US studies new sanctions on the sale of Iranian oil to China: WSJ | Business and Economy News


Sanctions can take effect if Iran disagrees with a nuclear deal, U.S. officials told the Wall Street Journal.

The United States is weighing new sanctions on Iran’s oil sales to China as a way to pressure Tehran to commit to a nuclear deal, sources familiar with the matter told the Wall Street Journal (WSJ) on Monday.

US negotiators continue to work with European and international partners in Vienna, Austria, in an attempt to reactivate the Joint Comprehensive Action Plan (JCPOA), the 2015 agreement that halts Iran’s nuclear program in exchange for the lifting of some of Tehran’s sanctions.

But as those negotiations stall, the United States is exploring alternative options to encourage Iran to stay on the negotiating table or increase the cost of leaving it, U.S. officials and people told the WSJ. familiar with the matter.

One option to consider would be to reduce Iran’s growing crude oil sales to China, the newspaper reported.

“There is not much left to sanction the Iranian economy,” a U.S. official told the WSJ. “Iran’s oil sales to China are the prize.”

Beijing is Tehran’s main oil customer. In the plan under consideration, the United States would target Iran’s oil sales to China by targeting maritime networks that help export about a million barrels a day, officials said in a statement. WSJ.

But the new plan would only come into effect if nuclear talks failed, those officials said.

According to the WSJ, the United States would aggressively apply the current sanctions that already prohibited deals with Iran’s maritime and oil sectors through strong enforcement and legal action.

With growing concern that the effort could have unintended consequences and may even encourage Iran to accelerate its nuclear program, other options considered include a diplomatic campaign to convince China, India and other big ones. Crude oil buyers to reduce raw material imports, oil operations, debt financing and financial transfers, another official told the WSJ.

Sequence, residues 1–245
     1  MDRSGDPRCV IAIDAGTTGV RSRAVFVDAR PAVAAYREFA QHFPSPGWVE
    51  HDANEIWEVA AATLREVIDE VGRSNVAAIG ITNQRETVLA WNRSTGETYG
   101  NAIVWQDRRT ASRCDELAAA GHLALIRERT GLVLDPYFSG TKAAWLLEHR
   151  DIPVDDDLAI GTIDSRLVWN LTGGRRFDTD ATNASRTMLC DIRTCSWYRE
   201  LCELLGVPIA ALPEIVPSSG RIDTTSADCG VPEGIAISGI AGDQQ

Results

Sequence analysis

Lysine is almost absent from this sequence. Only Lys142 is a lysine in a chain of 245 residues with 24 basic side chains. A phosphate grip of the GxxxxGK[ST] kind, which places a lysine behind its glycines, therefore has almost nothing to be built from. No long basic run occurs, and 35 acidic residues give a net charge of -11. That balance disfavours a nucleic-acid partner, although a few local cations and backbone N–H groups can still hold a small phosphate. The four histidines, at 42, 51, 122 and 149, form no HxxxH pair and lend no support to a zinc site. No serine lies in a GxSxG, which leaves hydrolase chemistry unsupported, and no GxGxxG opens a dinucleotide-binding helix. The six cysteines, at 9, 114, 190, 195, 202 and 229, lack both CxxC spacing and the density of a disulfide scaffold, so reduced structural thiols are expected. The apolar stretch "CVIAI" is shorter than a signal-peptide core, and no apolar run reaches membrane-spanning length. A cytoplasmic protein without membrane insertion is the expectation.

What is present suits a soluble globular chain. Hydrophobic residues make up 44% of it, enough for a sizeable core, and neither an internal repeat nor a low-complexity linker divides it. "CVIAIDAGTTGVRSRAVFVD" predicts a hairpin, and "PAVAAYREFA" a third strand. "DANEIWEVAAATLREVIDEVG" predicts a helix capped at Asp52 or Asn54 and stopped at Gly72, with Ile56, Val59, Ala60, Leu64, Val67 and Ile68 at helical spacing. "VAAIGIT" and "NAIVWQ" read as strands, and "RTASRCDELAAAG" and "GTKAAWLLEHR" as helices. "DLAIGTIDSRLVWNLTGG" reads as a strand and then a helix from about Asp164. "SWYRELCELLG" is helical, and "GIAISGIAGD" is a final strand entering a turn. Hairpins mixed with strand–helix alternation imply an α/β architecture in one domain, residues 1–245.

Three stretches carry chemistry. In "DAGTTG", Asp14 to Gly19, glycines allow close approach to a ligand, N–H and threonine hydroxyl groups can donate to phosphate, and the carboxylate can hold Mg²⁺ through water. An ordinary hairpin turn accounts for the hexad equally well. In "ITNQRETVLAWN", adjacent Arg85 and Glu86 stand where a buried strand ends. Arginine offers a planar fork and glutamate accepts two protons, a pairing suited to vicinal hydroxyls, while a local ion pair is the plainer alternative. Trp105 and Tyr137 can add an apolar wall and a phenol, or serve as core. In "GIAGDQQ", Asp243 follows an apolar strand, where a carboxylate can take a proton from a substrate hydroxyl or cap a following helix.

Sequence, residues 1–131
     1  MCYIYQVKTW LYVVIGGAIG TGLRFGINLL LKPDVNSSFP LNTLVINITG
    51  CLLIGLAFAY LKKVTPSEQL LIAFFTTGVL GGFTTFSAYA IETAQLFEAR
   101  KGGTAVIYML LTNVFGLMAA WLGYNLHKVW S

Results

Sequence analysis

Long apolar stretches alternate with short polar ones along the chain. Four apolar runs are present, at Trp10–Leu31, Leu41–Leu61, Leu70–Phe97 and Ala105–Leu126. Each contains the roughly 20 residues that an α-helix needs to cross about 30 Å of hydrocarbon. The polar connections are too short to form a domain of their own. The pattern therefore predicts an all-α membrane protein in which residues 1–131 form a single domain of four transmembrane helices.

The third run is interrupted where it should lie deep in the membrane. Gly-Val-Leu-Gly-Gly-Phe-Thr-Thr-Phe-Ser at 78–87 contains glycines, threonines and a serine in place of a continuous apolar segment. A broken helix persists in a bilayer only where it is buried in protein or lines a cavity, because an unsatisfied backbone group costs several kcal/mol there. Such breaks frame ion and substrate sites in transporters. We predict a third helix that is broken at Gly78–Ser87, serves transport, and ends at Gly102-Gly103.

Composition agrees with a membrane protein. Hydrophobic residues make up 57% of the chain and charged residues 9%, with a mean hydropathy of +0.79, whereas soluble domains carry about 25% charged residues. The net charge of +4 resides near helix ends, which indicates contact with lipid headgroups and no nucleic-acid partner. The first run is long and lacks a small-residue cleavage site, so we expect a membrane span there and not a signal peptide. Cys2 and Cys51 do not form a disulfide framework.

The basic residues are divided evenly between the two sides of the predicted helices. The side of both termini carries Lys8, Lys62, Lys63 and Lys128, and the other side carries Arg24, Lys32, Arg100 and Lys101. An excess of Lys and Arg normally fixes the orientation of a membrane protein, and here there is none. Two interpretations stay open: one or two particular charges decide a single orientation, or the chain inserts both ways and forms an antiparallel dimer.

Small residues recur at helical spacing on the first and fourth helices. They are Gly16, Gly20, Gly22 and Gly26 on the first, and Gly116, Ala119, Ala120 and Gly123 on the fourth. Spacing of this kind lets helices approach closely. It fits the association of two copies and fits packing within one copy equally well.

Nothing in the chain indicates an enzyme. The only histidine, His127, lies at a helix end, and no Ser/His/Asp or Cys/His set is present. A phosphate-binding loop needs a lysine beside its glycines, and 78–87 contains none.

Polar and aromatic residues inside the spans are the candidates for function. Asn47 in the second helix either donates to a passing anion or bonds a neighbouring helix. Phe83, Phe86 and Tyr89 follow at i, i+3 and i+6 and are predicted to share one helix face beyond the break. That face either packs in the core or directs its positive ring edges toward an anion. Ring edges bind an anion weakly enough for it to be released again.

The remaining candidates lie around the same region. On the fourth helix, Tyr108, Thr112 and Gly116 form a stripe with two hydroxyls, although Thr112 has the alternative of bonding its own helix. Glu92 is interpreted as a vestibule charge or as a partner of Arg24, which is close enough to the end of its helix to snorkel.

Iran’s president-elect, Ebrahim Raisi, who will be inaugurated next month, has said Tehran will not accept the nuclear deal without first lifting US sanctions.

Iranian Deputy Foreign Minister Seyed Abbas Araghchi addressed the issue on Saturday in a series of tweets.

“We are in a period of transition, as a democratic transfer of power to our capital is taking place,” he tweeted. “The talks in Vienna must therefore await our new administration. That is what every democracy demands. “

His second tweet referred to the 2015 JCPOA.

“The United States and the United Kingdom must understand this and stop linking a humanitarian exchange – ready to implement it – with the JCPOA. Maintaining this exchange as a hostage to political goals fails either. TWO PRISONERS on all sides can be released TOMORROW if the US and the UK fulfill their part of the agreement, “Araghchi added.

The then President of the United States, Donald Trump, came out of the nuclear deal with Iran in 2018, criticizing that he was too lenient with Tehran. Trump again imposed widespread sanctions aimed at pressuring Iran to sign a new nuclear and security deal.

Under current U.S. President Joe Biden, Iran’s crude exports, mainly to China, have increased.

U.S. Republicans and other critics of Biden’s Iranian policy have said his clemency and non-compliance with sanctions have only encouraged Tehran.

The Biden administration has recently announced the blacklist of Iranians for alleged violations of sanctions on the oil trade.

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